Sarah Palin plays the media like a violin: Her turn now
Sarah Palin, with her counterintuitive secret publicity bus tour, is demonstrating one of the most important rules of American politics:
There is nothing the U.S. media wants more than something it thinks it can't have. Hence the power of news leaks that manipulate the thrust of their initial presentation. Hard-to-get is a rigid rule of human behavior. Ask any teenage boy or girl.
And there are few things more sweet to Palin and her fervent supporters cheering their TV sets this week than the image of a hungry know-it-all "lamestream media" caravan of 15 or more vehicles traipsing along behind her red-white-and-blue bus enroute to they-know-not-where to do they-know-not-what.
To make it worse, each one of the frustrated, confused chasers knows that Fox News' Greta Van Susteren is....
The day's best line came from a CBS News producer who tried to claim that the lack of information from Palin's lumbering bus was endangering the dozen competing media vehicles trailing behind, uninvited.
As Michelle Malkin puts it so succinctly here, "The boys behind the bus."
Speaking of CBS, Katie Couric's unemployed now. And forget that front porch in Alaska. Sarah Palin can see revenge from her rear window.
Not that such a thing would ever cross the mind of the 2008 vice presidential candidate whose instant popularity and inexperienced gaffes invited so much media mocking and political hostility back when she needed those people to get out John McCain's campaign message.
Polls schmolls. The tables are turned now. And it's the best political entertainment of the campaign so far.
The media on campaigns is accustomed to being courted, even catered to with assigned airplane seats, meals, transportation to events, seats waiting, transcripts, the upcoming advance schedule, self-serving secrets confided.
But now they want/need Palin more than vice versa. They know the ratings when she's on. And they know bosses love ratings. So, they follow along in the exhaust.
"I don’t think I owe anything to the mainstream media," Palin said on Fox. "I think that it would be a mistake for me to become some kind of conventional politician and doing things the way it’s always been done with the media, in terms of relationships with them.”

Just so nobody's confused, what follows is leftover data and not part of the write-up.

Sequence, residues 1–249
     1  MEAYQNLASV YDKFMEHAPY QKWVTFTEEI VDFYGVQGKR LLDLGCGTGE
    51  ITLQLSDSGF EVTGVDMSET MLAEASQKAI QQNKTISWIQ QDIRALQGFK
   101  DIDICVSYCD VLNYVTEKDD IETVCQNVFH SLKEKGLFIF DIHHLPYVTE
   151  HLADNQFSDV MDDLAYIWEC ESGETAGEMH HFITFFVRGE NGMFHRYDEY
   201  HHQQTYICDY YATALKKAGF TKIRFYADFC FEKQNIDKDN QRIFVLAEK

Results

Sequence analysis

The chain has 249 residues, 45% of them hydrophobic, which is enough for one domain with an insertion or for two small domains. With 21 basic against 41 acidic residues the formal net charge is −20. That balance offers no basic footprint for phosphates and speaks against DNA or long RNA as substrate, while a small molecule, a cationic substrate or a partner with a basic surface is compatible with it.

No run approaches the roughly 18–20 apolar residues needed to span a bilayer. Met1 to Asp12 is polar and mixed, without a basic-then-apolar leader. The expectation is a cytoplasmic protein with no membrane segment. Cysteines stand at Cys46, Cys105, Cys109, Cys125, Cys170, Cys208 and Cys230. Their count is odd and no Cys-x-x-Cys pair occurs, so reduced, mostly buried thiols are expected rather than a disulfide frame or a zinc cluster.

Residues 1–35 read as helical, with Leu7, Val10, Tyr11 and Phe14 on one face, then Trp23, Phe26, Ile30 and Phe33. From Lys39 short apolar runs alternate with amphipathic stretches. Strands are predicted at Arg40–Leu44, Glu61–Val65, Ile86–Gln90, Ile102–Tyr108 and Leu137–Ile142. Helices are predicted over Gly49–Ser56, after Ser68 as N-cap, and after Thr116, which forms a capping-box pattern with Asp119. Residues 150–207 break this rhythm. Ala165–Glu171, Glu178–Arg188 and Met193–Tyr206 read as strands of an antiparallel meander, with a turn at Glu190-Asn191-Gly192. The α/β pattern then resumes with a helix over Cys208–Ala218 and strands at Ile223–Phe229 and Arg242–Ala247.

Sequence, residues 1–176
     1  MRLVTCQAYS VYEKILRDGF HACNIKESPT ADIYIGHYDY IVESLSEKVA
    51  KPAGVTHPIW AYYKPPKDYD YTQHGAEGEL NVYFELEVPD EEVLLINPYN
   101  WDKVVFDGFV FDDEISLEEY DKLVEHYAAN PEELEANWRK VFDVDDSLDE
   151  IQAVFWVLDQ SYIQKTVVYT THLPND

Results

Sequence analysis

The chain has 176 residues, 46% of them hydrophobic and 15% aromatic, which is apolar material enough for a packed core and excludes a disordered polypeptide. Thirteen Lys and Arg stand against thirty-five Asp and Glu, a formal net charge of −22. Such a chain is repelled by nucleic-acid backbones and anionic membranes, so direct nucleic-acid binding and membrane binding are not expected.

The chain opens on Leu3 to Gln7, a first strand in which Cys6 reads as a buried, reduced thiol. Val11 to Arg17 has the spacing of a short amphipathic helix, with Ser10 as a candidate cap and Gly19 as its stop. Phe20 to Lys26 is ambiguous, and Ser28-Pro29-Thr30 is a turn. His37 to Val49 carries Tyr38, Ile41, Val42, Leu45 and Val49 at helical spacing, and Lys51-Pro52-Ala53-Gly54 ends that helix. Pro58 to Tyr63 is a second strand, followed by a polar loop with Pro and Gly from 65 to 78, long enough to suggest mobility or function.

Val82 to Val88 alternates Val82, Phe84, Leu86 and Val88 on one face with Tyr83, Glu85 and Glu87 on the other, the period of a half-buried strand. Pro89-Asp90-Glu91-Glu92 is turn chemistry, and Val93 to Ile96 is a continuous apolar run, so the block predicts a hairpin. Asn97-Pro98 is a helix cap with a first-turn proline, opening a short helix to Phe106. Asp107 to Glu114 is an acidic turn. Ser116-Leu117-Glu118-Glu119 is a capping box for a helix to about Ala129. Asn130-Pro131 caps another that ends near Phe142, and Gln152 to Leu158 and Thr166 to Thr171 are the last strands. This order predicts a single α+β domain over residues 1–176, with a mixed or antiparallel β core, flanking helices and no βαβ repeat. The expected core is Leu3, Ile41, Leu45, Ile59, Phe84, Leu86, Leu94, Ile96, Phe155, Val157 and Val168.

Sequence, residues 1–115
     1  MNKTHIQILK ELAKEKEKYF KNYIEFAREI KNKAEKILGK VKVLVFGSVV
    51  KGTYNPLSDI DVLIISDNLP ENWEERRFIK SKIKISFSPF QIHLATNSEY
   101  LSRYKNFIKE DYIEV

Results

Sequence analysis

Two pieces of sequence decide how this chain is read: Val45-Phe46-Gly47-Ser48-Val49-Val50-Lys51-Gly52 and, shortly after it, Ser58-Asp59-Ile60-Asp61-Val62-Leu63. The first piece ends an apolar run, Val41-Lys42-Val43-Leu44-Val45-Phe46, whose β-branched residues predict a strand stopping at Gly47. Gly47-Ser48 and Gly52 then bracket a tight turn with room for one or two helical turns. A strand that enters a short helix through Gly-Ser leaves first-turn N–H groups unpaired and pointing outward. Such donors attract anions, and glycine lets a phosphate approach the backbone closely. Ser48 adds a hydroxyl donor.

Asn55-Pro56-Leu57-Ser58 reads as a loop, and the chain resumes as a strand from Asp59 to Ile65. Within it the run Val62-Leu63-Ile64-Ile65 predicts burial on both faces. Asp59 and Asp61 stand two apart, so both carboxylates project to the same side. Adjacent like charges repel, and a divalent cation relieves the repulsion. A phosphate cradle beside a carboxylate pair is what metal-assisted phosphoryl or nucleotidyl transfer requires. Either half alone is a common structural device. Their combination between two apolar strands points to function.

And if this bus junket sucks some or all of the oxygen out of Mitt Romney's big announcement Thursday, so be it.
It's Joe Biden's turn to be in Europe this week (Italy through Saturday to celebrate 150 years of unification). So President Obama will have to meet with the Republicans on this debt ceiling silliness that they want tied to significant budget cuts.
Forget petty Palin vengeance. This strategy fits the independent woman-of-the-people optics Palin wants now, much as she's relied for months on Facebook and Twitter to spoonfeed the public and media exactly and only what she wants out there. Talk of "true change." Restoring America, not transforming it.
Whether Palin runs for office again or not, she is a brand. If she can help shape the summer's GOP discussion agenda in a so-far bland field of folks simply by being and occasionally speaking out, why bother with the crap that comes with official campaigning?
Who knows what lightning might strike come August? And if not, who will she endorse among Republicans? She could be an influential king -- or queen -- maker. At worst, she's more famous and controversial for TV and the next book.
Tuesday, as our astute buddy Tony Pierce wrote here, Palin announced that she was in favor of ending all energy subsidies, including ethanol. So the afternoon's discussion topic was her, even though Tim Pawlenty said the same thing about ethanol last week to little notice. And Tuesday many who dislike Palin were saying, well, you know, I kinda agree with her there.
This unorthodox, to say the least, strategy also fits Palin's go-with-her-gut political M.O. Who'd have thought going in that a Wasilla city councilwoman would become mayor? Or make such a stir on the oil and gas commission? Or challenge an entrenched aged state Republican establishment and its incumbent governor? And actually win that primary?
And then in the general, defeat a better-known Democrat trying to return to the governor's office? And remember too when Palin's surprise gubernatorial resignation halfway through the first term terminated, according to the media, any chance that she'd have any role in American politics ever again?
Judging by the attempted coverage of her not-so-secret "One Nation" bus tour this week by the same media, apparently not.
Donald Trump and Sarah Palin have a pizza summit in New York
And here's video of their encounter:
-- Andrew Malcolm
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Photos: Jeff Fusco / Getty Images (Palin's bus as seen from the rear); Matt Rourke / Associated Press (Palin and daughter Piper talk with tourists at the Liberty Bell Tuesday); Reuters (Palin in the Rolling Thunder veterans parade, May 29).